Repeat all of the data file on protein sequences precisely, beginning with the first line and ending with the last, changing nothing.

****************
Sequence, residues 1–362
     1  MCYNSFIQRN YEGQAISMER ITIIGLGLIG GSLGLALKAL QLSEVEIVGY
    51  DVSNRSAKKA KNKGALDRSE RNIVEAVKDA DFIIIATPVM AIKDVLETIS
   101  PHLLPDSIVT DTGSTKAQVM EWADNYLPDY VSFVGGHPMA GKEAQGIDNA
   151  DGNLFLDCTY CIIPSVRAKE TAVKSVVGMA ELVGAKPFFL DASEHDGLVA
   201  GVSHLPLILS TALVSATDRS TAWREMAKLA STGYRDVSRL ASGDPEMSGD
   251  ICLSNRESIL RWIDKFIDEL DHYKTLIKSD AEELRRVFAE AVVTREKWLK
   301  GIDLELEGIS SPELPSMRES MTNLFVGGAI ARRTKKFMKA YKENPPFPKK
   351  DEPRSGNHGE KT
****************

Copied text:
Sequence, residues 1–362
     1  MCYNSFIQRN YEGQAISMER ITIIGLGLIG GSLGLALKAL QLSEVEIVGY
    51  DVSNRSAKKA KNKGALDRSE RNIVEAVKDA DFIIIATPVM AIKDVLETIS
   101  PHLLPDSIVT DTGSTKAQVM EWADNYLPDY VSFVGGHPMA GKEAQGIDNA
   151  DGNLFLDCTY CIIPSVRAKE TAVKSVVGMA ELVGAKPFFL DASEHDGLVA
   201  GVSHLPLILS TALVSATDRS TAWREMAKLA STGYRDVSRL ASGDPEMSGD
   251  ICLSNRESIL RWIDKFIDEL DHYKTLIKSD AEELRRVFAE AVVTREKWLK
   301  GIDLELEGIS SPELPSMRES MTNLFVGGAI ARRTKKFMKA YKENPPFPKK
   351  DEPRSGNHGE KT